“Breakfast with the Nikolides” by Rumer Godden
This is a terribly sad book – autobiographical in part, I suspect – about a sensitive young girl in India whose parents are not getting on. It’s excellent and quite, quite different from the nun book.
“And then there were none” by Agatha Christie
I haven’t read this in a long time – still a very good read. Michael found it around the house and adored it.
“The Witness for the Prosecution” by Agatha Christie
I got this out of the library for Dan as my sister took him to see the play in London. Sadly, he had no interest but Michael and I quite enjoyed these classic short stories. Mediums feature strongly.
“Admissions” by Henry Marsh
More stories from a neurosurgeon about his life. Interesting although he is an unusual and difficult man based on his own account.
“Guards Guards” by Terry Pratchett
I saw this on a colleague’s desk at the office and it precipatated a general discussion on the brilliance of Terry Pratchett and also made me realise that I had never read this one before or at least had no recollection of doing so which is just as good. Great stuff.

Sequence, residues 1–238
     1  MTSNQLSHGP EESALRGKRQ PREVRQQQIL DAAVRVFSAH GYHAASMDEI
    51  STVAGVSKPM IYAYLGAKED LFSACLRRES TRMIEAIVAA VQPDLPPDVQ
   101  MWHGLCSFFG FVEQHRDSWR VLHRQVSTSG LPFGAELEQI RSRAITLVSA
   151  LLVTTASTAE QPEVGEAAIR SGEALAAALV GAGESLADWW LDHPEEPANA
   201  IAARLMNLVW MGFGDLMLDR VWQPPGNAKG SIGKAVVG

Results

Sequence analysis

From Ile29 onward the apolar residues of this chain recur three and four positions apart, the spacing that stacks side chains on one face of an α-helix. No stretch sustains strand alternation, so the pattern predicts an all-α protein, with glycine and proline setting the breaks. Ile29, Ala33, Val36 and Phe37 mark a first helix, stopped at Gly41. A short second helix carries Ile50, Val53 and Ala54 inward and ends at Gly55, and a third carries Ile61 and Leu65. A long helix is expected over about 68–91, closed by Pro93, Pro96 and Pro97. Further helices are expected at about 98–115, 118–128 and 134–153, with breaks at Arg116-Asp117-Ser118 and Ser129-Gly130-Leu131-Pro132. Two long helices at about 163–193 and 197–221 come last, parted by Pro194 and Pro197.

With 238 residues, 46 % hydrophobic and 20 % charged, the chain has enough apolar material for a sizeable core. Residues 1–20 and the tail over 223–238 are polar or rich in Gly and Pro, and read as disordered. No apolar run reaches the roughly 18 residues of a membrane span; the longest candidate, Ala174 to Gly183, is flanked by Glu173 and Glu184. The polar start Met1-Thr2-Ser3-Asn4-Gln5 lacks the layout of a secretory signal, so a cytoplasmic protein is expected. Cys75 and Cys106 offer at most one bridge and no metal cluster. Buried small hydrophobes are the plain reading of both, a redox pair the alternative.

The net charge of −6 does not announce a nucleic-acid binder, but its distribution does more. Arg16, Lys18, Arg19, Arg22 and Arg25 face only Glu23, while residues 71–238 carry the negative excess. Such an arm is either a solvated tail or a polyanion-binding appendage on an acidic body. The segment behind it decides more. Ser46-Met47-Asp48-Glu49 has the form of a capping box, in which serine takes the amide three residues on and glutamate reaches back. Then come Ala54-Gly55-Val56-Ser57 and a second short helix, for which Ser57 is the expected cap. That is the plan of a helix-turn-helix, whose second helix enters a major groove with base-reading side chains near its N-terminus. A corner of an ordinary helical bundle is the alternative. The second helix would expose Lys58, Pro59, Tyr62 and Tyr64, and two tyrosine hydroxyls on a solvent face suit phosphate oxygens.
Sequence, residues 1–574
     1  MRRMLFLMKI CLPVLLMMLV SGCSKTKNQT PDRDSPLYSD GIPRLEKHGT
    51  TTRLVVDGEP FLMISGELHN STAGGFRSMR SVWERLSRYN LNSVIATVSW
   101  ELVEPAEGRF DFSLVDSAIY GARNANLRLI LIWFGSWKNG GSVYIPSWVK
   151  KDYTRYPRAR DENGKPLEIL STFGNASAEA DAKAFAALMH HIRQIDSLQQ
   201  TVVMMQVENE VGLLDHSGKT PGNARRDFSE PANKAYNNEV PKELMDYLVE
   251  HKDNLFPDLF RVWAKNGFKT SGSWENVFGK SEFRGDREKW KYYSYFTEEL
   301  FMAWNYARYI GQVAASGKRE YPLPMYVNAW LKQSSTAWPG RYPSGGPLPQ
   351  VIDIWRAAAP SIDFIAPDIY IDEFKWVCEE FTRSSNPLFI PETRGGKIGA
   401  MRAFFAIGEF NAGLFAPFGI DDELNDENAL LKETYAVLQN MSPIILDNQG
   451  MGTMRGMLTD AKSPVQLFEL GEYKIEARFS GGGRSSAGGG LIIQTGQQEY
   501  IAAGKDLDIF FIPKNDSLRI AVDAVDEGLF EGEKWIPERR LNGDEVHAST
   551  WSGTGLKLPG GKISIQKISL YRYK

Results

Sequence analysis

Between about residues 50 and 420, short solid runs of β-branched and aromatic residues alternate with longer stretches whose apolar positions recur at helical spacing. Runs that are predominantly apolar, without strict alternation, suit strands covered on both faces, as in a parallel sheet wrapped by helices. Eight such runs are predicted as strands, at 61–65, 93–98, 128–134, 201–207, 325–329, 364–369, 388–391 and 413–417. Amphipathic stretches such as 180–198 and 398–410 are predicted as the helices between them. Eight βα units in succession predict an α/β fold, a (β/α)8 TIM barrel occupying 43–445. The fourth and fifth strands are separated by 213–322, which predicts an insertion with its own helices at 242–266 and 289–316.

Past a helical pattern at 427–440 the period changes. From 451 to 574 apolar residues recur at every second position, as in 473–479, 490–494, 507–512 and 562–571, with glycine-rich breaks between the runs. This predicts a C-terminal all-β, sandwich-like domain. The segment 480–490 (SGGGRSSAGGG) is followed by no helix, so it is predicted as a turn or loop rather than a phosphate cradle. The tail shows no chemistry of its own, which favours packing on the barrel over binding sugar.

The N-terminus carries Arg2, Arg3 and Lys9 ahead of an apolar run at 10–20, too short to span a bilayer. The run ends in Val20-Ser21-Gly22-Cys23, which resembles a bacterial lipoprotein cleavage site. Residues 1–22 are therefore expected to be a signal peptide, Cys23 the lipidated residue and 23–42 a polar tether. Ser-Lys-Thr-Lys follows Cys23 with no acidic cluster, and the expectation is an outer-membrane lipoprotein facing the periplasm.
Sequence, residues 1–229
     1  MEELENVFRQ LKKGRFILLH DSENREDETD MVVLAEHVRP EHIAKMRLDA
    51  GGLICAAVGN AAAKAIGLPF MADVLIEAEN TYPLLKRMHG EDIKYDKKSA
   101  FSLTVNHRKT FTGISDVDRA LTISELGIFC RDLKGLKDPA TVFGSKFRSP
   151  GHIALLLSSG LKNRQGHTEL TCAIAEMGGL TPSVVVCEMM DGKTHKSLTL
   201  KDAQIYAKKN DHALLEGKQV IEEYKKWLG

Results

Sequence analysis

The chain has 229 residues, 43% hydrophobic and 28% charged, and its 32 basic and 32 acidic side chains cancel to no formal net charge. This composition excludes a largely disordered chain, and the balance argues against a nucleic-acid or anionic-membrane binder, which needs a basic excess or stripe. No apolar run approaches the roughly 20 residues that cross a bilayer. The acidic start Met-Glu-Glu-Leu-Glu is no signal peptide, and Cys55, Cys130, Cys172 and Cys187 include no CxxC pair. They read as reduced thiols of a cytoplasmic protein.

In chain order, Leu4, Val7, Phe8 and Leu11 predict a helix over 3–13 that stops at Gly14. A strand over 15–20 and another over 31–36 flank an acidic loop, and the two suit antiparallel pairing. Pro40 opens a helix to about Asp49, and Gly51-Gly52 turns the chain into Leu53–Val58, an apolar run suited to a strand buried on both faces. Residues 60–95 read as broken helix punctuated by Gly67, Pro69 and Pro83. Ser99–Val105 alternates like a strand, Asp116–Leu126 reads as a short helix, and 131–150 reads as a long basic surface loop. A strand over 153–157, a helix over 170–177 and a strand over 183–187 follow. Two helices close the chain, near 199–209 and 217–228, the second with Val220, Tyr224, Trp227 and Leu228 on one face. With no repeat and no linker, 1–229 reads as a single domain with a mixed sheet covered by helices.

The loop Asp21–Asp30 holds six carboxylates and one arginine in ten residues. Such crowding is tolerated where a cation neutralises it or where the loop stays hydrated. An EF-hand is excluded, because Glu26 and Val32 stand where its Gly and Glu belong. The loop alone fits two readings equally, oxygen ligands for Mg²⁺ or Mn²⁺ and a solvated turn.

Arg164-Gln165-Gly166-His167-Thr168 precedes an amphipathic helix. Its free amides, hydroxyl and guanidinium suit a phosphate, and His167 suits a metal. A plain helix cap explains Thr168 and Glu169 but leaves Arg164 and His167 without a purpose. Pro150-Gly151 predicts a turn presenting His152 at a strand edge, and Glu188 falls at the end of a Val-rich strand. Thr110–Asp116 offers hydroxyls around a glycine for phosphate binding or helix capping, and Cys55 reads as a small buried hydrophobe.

“The Essex Serpent” by Sarah Perry
This was an immensely popular book when it came out so when I read it, I had high expectations. I did enjoy it – a 19th century mystery/romance – and some of the characters were wonderful but I was not overwhelmed with delight.
“The Seven Imperfect Rules of Elvira Carr” by Frances Maynard
This is a bit like “Eleanor Oliphant is Completely Fine” – young woman with a domineering mother and difficulties has to get on in life. It suffers by being so similar thematically to “Eleanor Oliphant” because although it is a very well written, interesting and funny book, it just doesn’t feel as novel.